Remember the days when you purchased a health insurance plan from a health insurer, and you brought that health plan to the doctor when you were sick? You met with your doctor, the doctor prescribed treatment that you needed, and your health plan paid its portion of the doctor’s bill for that treatment? Me neither.
The world of “health insurance” has been largely transformed these days into a shiny term that is typically referred to as “managed care.” These days, “managed care” is a fancy word, often hidden behind the mysterious benefit of “cost savings,” for certain groups coming in between you and your doctor to prevent, screen or otherwise prohibit treatment that your doctor prescribes.
Many health plans under the “managed care” philosophy essentially work like this: your doctor has prescribed a certain treatment plan for you, let’s say radiation therapy to help treat an illness. Your health plan does not exclude radiation therapy under the terms of the plan. But in a managed care atmosphere, the health plan takes your doctor’s recommendation for treatment and has it “reviewed” by a third party that, in many cases, looks for reasons to deny covering the treatment. The most common way the managed care plan denies treatment your doctor or physician prescribes is under what is called a “medical necessity” justification. This means that despite the fact that a physician has treated you in person, examined you and determined the type of treatment you need, some person who has never seen you, treated you, or evaluated you can make a determination that in fact that treatment is “not necessary.” Often times the managed care plans will tell patients that the treatment is experimental for that type of illness, or there is not enough medical literature to justify the treatment.
Ultimately, the end result is a denial of the claim, and the plan’s refusal to pay the portion of the treatment that you bargained for when you purchased the health plan.
Cases brought against managed care companies around the country have shown that many denials are almost entirely based on saving money and internal “quotas.” Some cases have even shown denials based on the fact that employees tasked with reviewing these denials receive bonuses based on the amount of denials that they have administered in a given year.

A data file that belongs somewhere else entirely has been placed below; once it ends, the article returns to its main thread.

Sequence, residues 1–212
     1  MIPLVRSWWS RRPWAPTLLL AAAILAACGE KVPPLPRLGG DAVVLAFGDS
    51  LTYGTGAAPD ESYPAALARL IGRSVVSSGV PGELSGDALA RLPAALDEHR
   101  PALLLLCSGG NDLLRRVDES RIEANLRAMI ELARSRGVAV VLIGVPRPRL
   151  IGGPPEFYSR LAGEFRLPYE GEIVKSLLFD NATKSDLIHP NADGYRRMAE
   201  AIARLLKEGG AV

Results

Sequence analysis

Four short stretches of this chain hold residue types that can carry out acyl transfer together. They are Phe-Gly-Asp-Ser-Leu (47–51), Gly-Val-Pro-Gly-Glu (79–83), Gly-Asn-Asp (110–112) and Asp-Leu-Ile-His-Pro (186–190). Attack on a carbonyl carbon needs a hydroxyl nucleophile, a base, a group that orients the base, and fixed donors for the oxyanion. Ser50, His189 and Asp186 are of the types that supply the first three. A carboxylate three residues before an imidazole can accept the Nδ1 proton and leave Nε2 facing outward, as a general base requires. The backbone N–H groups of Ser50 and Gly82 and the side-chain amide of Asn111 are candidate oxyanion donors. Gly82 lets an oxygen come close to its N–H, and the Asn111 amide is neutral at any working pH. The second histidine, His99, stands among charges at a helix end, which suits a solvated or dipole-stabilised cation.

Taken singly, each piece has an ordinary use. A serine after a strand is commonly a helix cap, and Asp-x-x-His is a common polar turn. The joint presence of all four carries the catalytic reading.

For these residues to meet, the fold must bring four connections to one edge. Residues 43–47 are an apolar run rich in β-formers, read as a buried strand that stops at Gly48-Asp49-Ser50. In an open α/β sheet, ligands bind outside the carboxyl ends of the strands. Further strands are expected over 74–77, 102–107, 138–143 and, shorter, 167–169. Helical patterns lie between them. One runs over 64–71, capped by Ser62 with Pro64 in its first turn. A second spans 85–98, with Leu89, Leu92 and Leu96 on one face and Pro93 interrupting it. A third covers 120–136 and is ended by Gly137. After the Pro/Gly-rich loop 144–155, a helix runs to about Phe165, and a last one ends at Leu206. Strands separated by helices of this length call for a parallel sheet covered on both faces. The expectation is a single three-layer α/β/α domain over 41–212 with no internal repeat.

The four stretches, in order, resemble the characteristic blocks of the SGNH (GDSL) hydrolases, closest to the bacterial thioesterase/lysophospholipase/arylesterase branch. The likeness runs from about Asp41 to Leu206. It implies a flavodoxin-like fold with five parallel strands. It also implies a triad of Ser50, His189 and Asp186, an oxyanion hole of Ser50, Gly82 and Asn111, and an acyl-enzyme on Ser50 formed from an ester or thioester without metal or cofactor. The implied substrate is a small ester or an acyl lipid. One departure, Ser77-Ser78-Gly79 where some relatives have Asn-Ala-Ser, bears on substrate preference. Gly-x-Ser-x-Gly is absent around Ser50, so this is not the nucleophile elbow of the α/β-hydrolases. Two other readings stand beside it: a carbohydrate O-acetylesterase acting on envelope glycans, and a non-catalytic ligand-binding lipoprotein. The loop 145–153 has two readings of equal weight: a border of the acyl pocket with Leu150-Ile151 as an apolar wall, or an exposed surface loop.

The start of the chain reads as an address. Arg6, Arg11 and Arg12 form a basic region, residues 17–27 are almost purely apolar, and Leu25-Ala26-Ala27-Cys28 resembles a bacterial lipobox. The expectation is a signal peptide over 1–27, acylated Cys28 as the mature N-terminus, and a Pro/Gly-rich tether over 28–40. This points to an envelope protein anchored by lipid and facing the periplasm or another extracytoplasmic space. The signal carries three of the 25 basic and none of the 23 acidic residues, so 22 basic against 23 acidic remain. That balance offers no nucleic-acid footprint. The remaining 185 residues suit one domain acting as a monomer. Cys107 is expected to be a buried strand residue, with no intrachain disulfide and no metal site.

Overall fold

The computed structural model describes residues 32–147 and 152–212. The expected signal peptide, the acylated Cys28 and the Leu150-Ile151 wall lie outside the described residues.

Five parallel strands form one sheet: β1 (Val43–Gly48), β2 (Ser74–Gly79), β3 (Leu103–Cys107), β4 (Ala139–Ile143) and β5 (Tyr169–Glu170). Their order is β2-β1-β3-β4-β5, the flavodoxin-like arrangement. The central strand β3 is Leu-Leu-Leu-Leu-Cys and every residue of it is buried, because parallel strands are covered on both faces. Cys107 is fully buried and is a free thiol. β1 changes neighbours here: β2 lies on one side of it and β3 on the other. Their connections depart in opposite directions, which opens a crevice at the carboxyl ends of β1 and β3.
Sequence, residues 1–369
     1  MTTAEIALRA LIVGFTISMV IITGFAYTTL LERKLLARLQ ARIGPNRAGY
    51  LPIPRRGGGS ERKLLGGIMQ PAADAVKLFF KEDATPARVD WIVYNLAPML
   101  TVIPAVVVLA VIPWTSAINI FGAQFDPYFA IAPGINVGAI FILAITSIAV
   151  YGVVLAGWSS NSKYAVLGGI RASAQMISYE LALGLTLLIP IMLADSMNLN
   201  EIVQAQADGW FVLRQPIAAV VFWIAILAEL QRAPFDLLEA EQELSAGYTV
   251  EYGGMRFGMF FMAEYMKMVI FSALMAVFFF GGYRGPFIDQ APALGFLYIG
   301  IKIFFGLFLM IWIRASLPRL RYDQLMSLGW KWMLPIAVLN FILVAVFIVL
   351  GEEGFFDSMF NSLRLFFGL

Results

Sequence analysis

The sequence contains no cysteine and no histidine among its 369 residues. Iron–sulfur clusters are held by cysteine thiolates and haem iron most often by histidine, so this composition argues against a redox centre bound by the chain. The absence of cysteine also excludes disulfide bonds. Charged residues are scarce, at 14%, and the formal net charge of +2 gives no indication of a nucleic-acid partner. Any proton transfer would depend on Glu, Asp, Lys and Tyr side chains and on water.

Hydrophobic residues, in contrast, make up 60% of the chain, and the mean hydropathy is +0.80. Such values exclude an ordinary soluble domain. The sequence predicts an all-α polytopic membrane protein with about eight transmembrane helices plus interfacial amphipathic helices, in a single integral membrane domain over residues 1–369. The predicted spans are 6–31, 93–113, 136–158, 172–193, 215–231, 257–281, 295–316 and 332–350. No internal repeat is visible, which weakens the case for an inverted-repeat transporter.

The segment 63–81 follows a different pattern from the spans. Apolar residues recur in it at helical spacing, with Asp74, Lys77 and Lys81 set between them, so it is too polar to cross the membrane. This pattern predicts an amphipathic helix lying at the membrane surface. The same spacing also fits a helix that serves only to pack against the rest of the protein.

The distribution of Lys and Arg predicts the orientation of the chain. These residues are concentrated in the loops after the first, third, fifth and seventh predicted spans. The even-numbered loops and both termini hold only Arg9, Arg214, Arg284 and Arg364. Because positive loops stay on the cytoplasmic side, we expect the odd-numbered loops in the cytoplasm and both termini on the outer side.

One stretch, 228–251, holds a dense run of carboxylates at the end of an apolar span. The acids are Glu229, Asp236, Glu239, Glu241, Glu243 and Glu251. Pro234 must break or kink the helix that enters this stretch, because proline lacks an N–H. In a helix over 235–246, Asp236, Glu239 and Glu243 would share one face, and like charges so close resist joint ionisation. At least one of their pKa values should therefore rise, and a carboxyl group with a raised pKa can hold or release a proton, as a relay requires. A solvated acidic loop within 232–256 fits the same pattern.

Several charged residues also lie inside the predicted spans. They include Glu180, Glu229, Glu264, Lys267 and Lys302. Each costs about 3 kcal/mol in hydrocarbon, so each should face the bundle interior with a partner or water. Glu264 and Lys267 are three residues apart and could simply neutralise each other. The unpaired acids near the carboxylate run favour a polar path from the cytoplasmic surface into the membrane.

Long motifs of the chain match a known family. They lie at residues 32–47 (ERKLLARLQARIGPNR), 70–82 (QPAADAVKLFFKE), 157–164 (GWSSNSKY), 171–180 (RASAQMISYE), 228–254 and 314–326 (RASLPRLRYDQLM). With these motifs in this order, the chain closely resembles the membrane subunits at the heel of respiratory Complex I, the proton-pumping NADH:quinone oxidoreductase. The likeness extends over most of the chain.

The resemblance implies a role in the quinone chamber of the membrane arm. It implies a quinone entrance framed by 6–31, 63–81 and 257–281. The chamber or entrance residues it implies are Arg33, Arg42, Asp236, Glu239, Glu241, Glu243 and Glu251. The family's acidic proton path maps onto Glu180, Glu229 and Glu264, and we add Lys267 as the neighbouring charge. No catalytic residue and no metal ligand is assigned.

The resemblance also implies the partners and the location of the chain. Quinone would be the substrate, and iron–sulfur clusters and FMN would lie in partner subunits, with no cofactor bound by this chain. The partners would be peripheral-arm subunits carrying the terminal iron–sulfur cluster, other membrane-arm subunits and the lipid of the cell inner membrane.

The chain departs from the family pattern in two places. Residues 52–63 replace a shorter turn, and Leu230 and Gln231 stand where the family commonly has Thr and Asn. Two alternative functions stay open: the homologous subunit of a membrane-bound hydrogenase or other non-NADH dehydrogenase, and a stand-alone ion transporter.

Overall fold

In small cases where a patient can still afford to pay out of pocket for certain treatments, this practice usually goes unnoticed, or at least without much economic hardship if paying out of pocket for the treatment. However, this abuse can be absolutely devastating in cases of catastrophic and chronic illness. Instances where managed care providers deny care for life saving procedures such as cancer treatment, surgical procedures for rare illnesses, and the treatment of severe injuries such as traumatic brain injuries, can certainly mean the difference between life and death or economic ruin for the patient.
It is important to know your rights when you have suffered the denial of significant treatment by a managed care plan. Specifically in North Carolina, there are certain requirements when challenging a health insurer’s denial of payment under the “medical necessity” exclusion of the managed care plan. This includes in many cases the requirement that the patient or beneficiary make certain internal appeals under the health plan to contest the decision to deny care. In North Carolina, this usually requires at least two internal appeals through the health plan itself before an outside “neutral” third party is allowed to review the decision to deny care. It is only until these appeals are exhausted in many cases that a patient may bring an action in court against the plan to enforce their contractual rights.
In cases where serious and chronic illness treatments are denied, it may be important to consult an attorney early on so that you are advised of all the appropriate appeals necessary to preserve a claim should you need to bring a lawsuit or involve the courts. Many of the appeals that a patient must make have time limits, which means if they are not brought, your right to proceed against the plan for a wrongful denial of benefits may be forfeited. Similar cases brought around the country have involved not only claims of breach of the health insurance contract, but include other more serious claims such as bad faith insurance practices.
Victims of managed care abuse can potentially face terrible economic harm, as well as a loss of lifesaving medical care. If you or a family member has suffered the denial of serious lifesaving treatment by a managed care plan under the “medical necessity” or similar exclusions, you should seek legal advice immediately to understand your rights under the plan and all applicable state and federal laws.